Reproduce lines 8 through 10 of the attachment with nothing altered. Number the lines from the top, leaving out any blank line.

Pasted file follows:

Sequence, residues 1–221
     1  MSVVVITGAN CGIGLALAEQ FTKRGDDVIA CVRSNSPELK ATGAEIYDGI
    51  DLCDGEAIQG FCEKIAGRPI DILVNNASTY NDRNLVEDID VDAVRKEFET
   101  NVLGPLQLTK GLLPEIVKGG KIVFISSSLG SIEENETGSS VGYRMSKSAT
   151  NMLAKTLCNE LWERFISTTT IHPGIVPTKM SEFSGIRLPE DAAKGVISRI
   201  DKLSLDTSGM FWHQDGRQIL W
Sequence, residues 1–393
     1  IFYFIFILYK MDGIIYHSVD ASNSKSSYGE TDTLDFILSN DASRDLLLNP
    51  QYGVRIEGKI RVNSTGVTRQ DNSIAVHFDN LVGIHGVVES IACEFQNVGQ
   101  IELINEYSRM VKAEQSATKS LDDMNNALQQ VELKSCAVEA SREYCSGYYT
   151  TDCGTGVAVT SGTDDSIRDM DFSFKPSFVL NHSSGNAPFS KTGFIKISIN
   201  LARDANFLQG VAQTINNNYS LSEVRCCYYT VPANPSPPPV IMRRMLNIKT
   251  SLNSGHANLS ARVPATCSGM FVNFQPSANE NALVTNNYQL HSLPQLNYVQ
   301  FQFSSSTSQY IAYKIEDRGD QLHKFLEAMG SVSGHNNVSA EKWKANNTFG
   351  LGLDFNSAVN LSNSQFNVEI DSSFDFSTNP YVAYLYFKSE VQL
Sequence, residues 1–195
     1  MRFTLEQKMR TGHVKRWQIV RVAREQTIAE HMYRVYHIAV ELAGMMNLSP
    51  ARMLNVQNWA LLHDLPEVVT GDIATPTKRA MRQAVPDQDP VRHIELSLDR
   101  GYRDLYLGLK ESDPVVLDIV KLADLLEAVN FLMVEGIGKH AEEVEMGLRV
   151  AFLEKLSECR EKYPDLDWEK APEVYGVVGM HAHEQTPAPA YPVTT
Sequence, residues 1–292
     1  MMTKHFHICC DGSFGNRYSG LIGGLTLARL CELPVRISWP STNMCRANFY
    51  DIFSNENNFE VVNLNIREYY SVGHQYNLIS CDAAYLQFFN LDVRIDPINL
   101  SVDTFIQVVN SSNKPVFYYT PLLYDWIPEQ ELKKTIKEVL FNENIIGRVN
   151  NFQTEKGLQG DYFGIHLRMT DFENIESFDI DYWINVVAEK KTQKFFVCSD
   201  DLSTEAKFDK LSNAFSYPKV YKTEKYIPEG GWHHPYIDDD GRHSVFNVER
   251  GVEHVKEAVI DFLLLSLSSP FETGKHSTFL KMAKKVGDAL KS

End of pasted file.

     1  IFYFIFILYK MDGIIYHSVD ASNSKSSYGE TDTLDFILSN DASRDLLLNP
    51  QYGVRIEGKI RVNSTGVTRQ DNSIAVHFDN LVGIHGVVES IACEFQNVGQ
   101  IELINEYSRM VKAEQSATKS LDDMNNALQQ VELKSCAVEA SREYCSGYYT